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ECB-ART-47337
PLoS One January 1, 2019; 14 (7): e0220081.

Gaining ecological insight on dietary allocation among horseshoe bats through molecular primer combination.

Aldasoro M , Garin I , Vallejo N , Baroja U , Arrizabalaga-Escudero A , Goiti U , Aihartza J .


Abstract
Knowledge on the trophic interactions among predators and their prey is important in order to understand ecology and behaviour of animals. Traditionally studies on the diet composition of insectivorous bats have been based on the morphological identification of prey remains, but the accuracy of the results has been hampered due to methodological limitations. Lately, the DNA metabarcoding and High Throughput Sequencing (HTS) techniques have changed the scene since they allows prey identification to the species level, ultimately giving more precision to the results. Nevertheless, the use of one single primer set to amplify faecal DNA produces biases in the assessed dietary composition. Three horseshoe bats overlap extensively in their distribution range in Europe: Rhinolophus euryale, R. hipposideros and R. ferrumequinum. In order to achieve the deepest insight on their prey list we combined two different primers. Results showed that the used primers were complementary at the order and species levels, only 22 out of 135 prey species being amplified by both. The most frequent prey of R. hipposideros belonged to Diptera and Lepidoptera, to Lepidoptera in R. euryale, and Lepidoptera, Diptera and Coleoptera in R. ferrumequinum. The three bats show significant resource partitioning, since their trophic niche overlap is not higher than 34%. Our results confirm the importance of combining complementary primers to describe the diet of generalist insectivorous bats with amplicon metabarcoding techniques. Overall, each primer set showed a subset of the prey composition, with a small portion of the total prey being identified by both of them. Therefore, each primer presented a different picture of the niche overlap among the three horseshoe bats due to their taxonomic affinity.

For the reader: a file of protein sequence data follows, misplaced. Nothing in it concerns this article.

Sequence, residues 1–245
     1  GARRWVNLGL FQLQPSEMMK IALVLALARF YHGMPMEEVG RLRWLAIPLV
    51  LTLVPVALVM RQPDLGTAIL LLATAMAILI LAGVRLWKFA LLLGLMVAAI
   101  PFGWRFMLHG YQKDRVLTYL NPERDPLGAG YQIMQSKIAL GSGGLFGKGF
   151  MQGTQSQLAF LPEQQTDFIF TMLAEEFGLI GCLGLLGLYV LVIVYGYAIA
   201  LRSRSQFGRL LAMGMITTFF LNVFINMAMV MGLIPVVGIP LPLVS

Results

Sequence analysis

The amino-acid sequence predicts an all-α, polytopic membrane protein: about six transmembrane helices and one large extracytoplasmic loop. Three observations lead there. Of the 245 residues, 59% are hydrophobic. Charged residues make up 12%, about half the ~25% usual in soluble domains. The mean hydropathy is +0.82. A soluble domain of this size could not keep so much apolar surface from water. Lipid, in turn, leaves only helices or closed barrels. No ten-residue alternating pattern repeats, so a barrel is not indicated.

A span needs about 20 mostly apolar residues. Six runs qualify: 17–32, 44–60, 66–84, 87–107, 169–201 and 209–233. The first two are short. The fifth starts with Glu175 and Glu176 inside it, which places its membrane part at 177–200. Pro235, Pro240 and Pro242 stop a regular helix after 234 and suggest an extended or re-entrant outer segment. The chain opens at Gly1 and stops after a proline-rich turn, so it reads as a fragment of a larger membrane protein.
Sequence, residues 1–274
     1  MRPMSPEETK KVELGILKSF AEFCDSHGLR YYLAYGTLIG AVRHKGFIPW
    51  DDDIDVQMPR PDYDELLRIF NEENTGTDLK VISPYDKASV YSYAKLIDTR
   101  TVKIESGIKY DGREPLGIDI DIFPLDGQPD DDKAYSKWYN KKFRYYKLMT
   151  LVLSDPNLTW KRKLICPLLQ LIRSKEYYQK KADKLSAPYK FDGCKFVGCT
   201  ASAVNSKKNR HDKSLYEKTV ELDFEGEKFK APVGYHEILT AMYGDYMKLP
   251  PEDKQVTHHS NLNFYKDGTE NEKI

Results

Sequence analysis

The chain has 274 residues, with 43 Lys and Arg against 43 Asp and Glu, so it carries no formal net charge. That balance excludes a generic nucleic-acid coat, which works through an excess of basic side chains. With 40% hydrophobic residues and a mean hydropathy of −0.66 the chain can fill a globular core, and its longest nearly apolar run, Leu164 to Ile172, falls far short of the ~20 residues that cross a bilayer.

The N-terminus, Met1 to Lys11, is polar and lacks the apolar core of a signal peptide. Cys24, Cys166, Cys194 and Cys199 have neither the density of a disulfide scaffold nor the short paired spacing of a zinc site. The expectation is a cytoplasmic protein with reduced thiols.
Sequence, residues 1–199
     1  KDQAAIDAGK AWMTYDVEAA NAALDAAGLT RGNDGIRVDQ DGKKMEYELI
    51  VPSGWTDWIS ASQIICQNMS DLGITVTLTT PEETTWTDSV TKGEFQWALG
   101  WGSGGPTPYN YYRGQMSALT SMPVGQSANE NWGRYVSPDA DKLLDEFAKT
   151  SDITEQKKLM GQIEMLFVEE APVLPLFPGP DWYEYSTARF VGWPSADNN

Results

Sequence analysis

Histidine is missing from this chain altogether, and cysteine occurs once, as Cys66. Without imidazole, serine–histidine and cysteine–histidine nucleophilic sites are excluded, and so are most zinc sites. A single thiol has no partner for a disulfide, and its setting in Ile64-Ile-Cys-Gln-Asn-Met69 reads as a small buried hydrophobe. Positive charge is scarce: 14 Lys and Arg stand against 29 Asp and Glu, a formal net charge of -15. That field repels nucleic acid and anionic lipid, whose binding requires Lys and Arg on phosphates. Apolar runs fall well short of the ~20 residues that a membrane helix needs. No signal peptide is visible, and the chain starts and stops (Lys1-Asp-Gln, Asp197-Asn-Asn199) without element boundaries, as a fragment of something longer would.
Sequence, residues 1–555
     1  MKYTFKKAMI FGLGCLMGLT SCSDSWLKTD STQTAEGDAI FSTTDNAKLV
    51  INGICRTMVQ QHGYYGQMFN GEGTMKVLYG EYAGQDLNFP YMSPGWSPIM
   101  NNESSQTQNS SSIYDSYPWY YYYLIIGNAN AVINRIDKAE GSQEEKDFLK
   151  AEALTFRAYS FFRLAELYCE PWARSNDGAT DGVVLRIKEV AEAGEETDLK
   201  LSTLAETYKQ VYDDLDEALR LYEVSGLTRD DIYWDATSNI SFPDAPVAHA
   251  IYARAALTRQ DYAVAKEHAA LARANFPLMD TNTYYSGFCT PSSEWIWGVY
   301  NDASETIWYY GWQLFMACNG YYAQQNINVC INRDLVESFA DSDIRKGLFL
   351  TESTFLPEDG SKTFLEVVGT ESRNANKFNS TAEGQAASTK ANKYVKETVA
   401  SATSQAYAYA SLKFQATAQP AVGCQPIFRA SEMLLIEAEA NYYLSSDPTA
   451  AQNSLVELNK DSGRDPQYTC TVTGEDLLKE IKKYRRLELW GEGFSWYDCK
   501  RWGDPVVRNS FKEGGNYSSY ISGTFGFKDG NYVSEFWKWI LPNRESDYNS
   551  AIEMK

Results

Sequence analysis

PubMed ID: 31339936
PMC ID: PMC6656351
Article link: PLoS One




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References [+] :
Aizpurua O, Agriculture shapes the trophic niche of a bat preying on multiple pest arthropods across Europe: Evidence from DNA metabarcoding. 2018, Pubmed